Milwaukee Brewers’ moves do not push them past Chicago Cubs
By Tim Stebbins
Acquiring outfielders Lorenzo Cain and Christian Yelich will make the Milwaukee Brewers stronger. However, the moves do not signal a change in NL Central division power. It’s close, but the Chicago Cubs still rule the roost.
The Milwaukee Brewers surprised many in 2017, winning 86 games and nearly clinching the National League Central Division. They should not surprise many in 2018, should they succeed once again. But that didn’t move them ahead of the Chicago Cubs.
The Brewers made quite a splash Thursday, acquiring outfielder Christian Yelich from the Miami Marlins. Yelich, 26, is under contract through 2022 on a team-friendly seven-year, $49.57 million deal.
Big bats will bolster Brewers’ offense
Yelich is a career .290 hitter coming off a dominant 2017 campaign in which he hit .282 with 18 home runs and 81 RBIs in 156 games. His .997 field percentage led all MLB center fielders last season.
Shortly after acquiring Yelich, news broke that the Brewers signed free agent outfielder Lorenzo Cain to a five-year contract. Cain, who will turn 32 shortly after Opening Day, is a career .290 hitter. He hit .300 with 15 home runs and 49 RBIs in 2017.
In a matter of hours, the Brewers’ outfield went from fair to possibly one of the best in the MLB. With Cain, Yelich and Ryan Braun, Milwaukee boasts an outfield with stars across the board.
These additions undoubtedly make the Brewers an improved team. However, they do not necessarily catapult them past the Chicago Cubs in National League Central division supremacy.
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Struggles to score
In 2017, the Brewers’ offense ranked 21st in the MLB in team batting average (.249) and 20th in runs scored (732). The Cubs, on the other hand, ranked 16th in team batting average (.255) and fourth in runs scored (822).
Cain and Yelich will likely help improve the Brewers offense in 2018. However, they have an even bigger issue to deal with: pitching.
Last season, the Brewers were 10th in the MLB in team starting pitching ERA (4.10) and ninth in bullpen ERA (3.83). For comparison’s sake, the Cubs ranked seventh in starting pitching ERA (4.05) and sixth in bullpen ERA (3.80).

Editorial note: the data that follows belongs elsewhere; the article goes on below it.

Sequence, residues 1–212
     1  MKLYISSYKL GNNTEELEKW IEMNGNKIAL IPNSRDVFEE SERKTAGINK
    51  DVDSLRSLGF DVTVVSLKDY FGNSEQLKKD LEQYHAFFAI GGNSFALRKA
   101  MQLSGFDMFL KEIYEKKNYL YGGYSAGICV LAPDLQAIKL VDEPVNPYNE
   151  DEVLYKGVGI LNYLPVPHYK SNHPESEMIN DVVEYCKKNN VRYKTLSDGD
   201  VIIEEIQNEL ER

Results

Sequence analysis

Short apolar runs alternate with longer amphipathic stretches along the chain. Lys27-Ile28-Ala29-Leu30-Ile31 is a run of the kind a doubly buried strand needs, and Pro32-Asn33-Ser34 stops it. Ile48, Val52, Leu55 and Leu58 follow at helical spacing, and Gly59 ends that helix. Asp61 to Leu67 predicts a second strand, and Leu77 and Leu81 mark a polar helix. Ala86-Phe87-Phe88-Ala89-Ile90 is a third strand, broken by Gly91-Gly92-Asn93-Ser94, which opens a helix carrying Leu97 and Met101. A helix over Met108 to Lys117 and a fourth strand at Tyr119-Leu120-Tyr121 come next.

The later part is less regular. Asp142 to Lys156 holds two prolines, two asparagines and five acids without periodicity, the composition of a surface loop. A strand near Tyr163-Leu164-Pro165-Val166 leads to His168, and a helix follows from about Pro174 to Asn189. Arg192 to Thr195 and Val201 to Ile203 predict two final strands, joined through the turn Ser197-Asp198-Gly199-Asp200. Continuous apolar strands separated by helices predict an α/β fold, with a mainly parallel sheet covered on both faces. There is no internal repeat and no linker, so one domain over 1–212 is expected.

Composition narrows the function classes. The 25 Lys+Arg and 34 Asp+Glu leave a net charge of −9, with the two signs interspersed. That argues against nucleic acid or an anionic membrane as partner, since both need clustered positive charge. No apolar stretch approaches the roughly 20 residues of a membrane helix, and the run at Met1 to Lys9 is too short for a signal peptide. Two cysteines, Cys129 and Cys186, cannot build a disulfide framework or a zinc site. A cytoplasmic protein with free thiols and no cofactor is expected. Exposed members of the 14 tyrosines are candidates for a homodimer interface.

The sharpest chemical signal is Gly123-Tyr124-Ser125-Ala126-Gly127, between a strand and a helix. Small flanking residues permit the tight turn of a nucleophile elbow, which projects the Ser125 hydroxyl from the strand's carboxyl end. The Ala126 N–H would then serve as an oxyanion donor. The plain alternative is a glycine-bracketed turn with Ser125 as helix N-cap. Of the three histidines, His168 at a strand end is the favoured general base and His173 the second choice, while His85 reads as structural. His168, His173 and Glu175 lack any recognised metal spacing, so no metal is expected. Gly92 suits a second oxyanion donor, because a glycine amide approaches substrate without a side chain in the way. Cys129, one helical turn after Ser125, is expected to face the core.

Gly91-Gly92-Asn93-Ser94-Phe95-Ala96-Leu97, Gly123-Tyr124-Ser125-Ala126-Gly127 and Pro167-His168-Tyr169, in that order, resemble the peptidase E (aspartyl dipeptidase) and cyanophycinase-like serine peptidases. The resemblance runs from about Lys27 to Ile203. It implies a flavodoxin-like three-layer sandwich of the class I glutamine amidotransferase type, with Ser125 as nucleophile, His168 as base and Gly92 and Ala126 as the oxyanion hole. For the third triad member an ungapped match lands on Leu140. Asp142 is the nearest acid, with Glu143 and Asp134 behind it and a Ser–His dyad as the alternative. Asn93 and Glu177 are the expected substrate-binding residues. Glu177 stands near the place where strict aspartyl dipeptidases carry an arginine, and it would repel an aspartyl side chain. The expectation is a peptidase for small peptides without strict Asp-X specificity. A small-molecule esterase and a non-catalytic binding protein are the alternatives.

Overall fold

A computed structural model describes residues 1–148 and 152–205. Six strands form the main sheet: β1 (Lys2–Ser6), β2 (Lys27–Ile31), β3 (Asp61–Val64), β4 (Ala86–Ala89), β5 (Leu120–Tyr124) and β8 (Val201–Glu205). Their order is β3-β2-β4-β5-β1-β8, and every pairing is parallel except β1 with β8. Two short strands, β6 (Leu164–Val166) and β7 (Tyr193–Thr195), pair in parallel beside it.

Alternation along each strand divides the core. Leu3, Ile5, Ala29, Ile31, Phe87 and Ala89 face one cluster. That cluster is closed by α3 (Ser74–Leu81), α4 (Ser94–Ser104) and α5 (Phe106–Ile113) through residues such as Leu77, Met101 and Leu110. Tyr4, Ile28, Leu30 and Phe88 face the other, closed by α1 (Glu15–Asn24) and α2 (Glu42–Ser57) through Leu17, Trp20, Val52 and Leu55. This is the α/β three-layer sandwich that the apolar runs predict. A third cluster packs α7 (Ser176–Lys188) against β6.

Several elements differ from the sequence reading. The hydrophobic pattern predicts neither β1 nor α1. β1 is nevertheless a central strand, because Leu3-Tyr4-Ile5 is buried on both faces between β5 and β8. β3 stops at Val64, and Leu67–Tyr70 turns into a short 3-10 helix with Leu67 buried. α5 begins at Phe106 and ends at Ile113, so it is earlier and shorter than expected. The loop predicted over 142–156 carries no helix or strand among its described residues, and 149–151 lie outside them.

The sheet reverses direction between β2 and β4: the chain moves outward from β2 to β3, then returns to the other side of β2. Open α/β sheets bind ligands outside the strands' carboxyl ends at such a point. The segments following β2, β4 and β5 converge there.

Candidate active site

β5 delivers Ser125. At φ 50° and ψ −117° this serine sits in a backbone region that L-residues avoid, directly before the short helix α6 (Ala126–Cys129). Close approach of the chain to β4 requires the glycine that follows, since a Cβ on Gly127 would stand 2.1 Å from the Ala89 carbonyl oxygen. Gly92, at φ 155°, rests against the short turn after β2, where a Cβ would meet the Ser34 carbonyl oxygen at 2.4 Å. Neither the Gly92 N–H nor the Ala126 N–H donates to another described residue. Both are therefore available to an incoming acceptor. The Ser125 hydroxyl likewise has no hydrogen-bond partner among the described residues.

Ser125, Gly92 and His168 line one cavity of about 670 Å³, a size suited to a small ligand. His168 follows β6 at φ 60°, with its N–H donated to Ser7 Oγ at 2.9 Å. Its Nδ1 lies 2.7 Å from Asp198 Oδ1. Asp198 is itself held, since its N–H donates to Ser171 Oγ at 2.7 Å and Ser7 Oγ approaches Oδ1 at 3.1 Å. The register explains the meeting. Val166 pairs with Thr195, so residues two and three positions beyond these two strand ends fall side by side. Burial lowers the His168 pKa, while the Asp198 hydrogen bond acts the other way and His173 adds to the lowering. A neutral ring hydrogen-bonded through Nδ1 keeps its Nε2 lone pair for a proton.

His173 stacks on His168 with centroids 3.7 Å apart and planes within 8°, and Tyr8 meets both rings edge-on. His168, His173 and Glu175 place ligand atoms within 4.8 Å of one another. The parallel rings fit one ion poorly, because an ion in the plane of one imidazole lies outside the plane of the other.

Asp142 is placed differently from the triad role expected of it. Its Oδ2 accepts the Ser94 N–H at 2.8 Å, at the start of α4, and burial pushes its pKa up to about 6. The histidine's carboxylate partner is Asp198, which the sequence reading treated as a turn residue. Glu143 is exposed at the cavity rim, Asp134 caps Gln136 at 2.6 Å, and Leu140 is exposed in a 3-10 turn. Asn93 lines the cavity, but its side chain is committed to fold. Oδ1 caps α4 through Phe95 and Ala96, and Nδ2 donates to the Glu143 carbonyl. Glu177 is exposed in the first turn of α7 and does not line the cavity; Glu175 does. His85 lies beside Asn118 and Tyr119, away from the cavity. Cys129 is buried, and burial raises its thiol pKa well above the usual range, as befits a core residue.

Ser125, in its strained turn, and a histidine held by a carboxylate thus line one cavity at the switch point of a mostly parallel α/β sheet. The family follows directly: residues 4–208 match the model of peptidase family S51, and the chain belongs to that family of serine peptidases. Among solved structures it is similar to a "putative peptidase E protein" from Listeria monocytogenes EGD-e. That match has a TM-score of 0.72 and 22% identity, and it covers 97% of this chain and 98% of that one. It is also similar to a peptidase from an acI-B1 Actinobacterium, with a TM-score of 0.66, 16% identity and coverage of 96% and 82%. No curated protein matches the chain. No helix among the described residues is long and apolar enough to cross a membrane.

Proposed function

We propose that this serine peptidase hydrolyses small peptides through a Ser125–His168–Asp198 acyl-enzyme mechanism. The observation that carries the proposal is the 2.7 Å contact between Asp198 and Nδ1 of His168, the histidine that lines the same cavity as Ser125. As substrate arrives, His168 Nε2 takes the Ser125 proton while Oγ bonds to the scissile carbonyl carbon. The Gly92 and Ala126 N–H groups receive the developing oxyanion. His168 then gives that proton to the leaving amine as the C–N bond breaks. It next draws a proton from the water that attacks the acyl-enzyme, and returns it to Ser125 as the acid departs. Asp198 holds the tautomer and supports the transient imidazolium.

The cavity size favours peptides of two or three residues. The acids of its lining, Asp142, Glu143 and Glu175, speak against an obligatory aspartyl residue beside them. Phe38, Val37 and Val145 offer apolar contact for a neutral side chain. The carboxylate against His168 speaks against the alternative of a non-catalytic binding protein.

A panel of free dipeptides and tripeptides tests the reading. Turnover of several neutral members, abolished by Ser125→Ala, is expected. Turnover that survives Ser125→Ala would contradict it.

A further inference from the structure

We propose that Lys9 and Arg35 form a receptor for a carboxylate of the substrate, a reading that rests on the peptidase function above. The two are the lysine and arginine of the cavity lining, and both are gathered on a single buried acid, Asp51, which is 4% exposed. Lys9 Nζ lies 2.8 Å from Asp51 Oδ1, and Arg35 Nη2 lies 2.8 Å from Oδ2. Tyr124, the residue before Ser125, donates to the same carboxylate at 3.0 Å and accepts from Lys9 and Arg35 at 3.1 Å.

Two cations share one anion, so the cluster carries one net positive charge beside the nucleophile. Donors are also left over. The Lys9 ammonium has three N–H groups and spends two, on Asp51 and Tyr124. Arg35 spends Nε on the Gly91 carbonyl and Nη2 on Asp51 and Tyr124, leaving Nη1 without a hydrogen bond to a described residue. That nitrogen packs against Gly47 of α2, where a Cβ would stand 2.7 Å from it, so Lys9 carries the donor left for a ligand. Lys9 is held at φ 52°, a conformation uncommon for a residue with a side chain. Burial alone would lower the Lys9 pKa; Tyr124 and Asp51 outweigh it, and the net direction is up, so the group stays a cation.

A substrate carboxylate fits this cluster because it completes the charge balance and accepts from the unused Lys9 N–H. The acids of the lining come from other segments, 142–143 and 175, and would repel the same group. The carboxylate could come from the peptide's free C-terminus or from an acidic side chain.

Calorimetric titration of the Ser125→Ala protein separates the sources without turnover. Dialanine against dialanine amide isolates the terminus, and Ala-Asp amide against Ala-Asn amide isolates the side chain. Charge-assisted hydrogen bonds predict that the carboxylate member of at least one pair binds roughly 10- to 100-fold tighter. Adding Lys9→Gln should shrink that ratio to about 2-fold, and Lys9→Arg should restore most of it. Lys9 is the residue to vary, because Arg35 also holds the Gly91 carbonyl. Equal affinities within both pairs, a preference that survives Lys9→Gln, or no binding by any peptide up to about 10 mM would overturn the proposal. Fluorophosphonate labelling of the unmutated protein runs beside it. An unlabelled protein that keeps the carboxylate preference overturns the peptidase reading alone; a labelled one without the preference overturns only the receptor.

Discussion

These numbers are impressive for both teams, of course. However, projections do not expect the Brewers’ starting rotation to fare well in 2018.
Projections not looking pretty for Brew Crew
Fangraphs projects Chase Anderson to post a 4.86 ERA in 29 starts in 2018. He finished last season with a 2.74 ERA in 25 starts. They project Zach Davies to post a 4.80 ERA in 29 starts after a 3.90 ERA in 33 starts in 2017.
Fangraphs also projects Jhoulys Chacín to post a 4.67 ERA in 23 starts. He finished 2017 with a 3.89 ERA in 23 starts. Ultimately, Fangraphs projects every Brewers’ starting pitcher to post higher ERAs than Chacín.
The only exception to this is Jimmy Nelson, who is coming off of shoulder surgery. Fangraphs projects him to post a 4.28 ERA in 11 starts.
Cubs should fare better than Brewers
For the Cubs, Fangraphs projects Mike Montgomery to post the highest ERA of starting pitchers currently on the Cubs (4.27). Projections say that the Cubs’ rotation will perform far better than the Brewers’ in 2018.
Of course, projections are projections for a reason, and they are not definitive. After all, the Brewers were projected to struggle in 2017 but nearly made the postseason. Ultimately, projections are merely educated guesses that can go awry.
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All in all, the Brewers had a great 2017 and very well could surpass last season’s win total in 2018. However, one should not throw the Cubs aside as a reaction to two moves.